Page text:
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Fifty Years after his Death: Opening my Heart to Dad’s Love

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Date : October 29, 2016


Dedicated to my Loving Sister Marion Livingstone


For almost fifty years I believed that my father who died on November 9, 1966 didn’t love or approve of me.  I thought at best he was indifferent towards my presence, but now I’m ready to face the reality that my view point was highly distorted.


My sister Marion, who is two years younger than me (I am 65 and she is 63), read my previous blog Healing from the Approval that never came.  She told me that her perception of my father was much different than mine.  At this point in my life I am open to hearing what she has to say.  This wasn’t true in the recent past where I wouldn’t be able to tolerate an alternative viewpoint of who my father was.


I believed that my father didn’t believe that I was intelligent, a poor athlete and was weak on character development.  My sister told me that she believed that I was a leader and creative as a child.  She said my parents valued these qualities.   I believe her, but I don’t really remember feeling very leader like as a teenager.  I also don’t have memories of being creative.  She said my father would say good things about me.  He wrote poems to my mother every April.  He had a unique sense of humor like his son. He was thoughtful and family meant everything to him.  It dawns on me that I can feel his words as I write them down below.  His spirit is running through me and is always present.  I realize that my written dedications to my wife Gail aren’t so different that his writings to my mom.  He obviously loved my mother and from his words, really cherished my sister and me.


The last poem he wrote was on April 8, 1966:

“Like a bunny you hoped real quick

From FTS(Franklin Township) to South Brunswick(NJ)

Hillcrest’s  loss Cambridge’s gain

Kendal Park’s benefit by Barbara’s(my mother who was an elementary school teacher)brain


Basketball and football fame

Added now to Robbie’s(me) name

Marion’s(my sister) getting orthodontics

Dad got a job at Extrundonics(small machine factory in New Brunswick, NJ)


Some wives pitch woo, others tents,

But for all purposes and intents,

You’re versatile in the ways of life,

And make the very ‘bestest’ wife.

Happy Birthday”


I have written blogs and books that have spelled out my struggle to deal with my dad’s death and the aftermath. Why did I believe that my father didn’t love or approve of me?  The answer to that resides in the part of the brain called the amygdala.  The amygdala is geared toward remembering and focusing on the negative for survival purposes.  If one has multiple traumas, the amygdala will really get revved up and focus on strongly remembering the negative memories and discarding the positive in an effort to help you survive.  Focusing on the positive memories is experienced as letting your guard down and vulnerable to being physically or emotionally hurt.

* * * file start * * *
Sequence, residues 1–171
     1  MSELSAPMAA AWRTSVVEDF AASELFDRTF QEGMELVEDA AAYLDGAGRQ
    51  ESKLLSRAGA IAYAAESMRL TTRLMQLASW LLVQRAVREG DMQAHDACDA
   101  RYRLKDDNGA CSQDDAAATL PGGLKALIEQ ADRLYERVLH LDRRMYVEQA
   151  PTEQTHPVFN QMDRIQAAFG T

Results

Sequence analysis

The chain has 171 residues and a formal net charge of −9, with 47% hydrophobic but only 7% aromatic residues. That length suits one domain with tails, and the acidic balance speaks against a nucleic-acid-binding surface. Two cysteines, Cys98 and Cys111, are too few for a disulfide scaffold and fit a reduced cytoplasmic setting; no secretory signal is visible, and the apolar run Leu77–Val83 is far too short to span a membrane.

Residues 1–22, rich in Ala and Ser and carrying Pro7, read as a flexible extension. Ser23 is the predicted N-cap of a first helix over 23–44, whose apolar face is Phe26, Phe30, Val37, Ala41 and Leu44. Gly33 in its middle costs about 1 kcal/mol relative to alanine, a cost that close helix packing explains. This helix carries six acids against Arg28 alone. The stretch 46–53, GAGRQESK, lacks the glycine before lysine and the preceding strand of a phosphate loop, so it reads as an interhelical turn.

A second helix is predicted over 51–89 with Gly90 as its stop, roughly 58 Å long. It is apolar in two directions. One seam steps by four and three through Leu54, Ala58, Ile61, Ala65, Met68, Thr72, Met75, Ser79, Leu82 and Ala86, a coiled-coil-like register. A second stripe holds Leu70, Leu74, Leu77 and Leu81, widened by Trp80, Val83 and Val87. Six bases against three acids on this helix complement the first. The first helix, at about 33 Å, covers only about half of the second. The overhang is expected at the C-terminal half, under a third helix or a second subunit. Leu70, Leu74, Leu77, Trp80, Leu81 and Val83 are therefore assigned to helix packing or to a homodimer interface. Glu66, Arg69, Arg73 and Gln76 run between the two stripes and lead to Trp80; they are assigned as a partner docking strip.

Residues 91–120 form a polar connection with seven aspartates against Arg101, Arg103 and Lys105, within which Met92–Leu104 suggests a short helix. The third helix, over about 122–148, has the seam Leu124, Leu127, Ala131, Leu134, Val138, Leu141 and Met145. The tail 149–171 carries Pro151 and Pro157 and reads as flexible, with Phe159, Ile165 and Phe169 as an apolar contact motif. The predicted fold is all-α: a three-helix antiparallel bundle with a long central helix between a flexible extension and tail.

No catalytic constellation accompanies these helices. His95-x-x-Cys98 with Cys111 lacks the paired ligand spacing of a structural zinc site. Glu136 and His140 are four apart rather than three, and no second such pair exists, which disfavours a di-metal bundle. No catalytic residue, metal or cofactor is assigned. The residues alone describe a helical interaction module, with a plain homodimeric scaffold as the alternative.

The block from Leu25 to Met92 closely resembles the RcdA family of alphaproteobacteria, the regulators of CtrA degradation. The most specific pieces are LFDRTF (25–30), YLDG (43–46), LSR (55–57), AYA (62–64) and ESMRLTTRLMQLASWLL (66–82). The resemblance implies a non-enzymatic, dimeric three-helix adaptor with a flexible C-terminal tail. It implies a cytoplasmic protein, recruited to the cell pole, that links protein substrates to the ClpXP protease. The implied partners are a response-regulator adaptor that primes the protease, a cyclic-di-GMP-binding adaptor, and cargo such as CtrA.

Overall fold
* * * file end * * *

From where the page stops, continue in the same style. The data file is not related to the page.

When I was fifteen years old, my father died suddenly, my mother was not able to help me with my grief because she was dealing with hers, the grave diggers were still shoveling out the grave at the funeral, the rabbi at the funeral was all insulted because my father(who he didn’t know) didn’t have a Jewish name, my sister and I were not allowed to see my dad in ICU which really interfered with my grief process, my guidance counselor told me I was too dumb to go to college, my girlfriend broke up with my shortly after my dad died.  I was too numb to cry.  I was trying to find out who I was and was ashamed that I couldn’t cry.


Perhaps the most intense memory was when I punched my dad in the stomach and he walked away.  He never talked to me again. When he turned towards me, it was like I was invisible to him.  His eyes were glazed over and together we were zombies.


I learned later that he was having a series of small strokes called TIA’s.  He lost his job at the factory because he no longer was capable of doing the work.  Nobody talked about what was going on and no one tried to save my dad.




My sister reminded me about the black and white photos she shared with me.  They were taken in the 1950’s and 60’s.   I remember looking at them a couple of years ago and intellectually getting that he loved me, but that was my head and not my heart.  I want to feel the love and I believe that will happen because for the first time in my life I am open to that possibility.


I look at the photo of my dad, my sister and me and I want to sing a new song by Alejandro Escovedo called Heartbeat Smile.


I think of my dad and I sing along, “I miss my friend with the heartbeat smile”

Please share your experiences here   Thanks!!!

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Letting Go of Grief
Move Your Body to Rock and Soul

Letting go of Grief: Move Your Body to Rock and Soul teaches you how to work through your losses. These losses could be the death of a loved one, the end of an important relationship or other trauma. Grief is an evolving process and you will learn what the term acceptance means. It means that you will always have the option of honoring your loss, but you don’t have to be continually consumed by it. In this book, you will learn to find a landing place in your heart for grief. You will learn to embrace the pain instead of being afraid of facing it.

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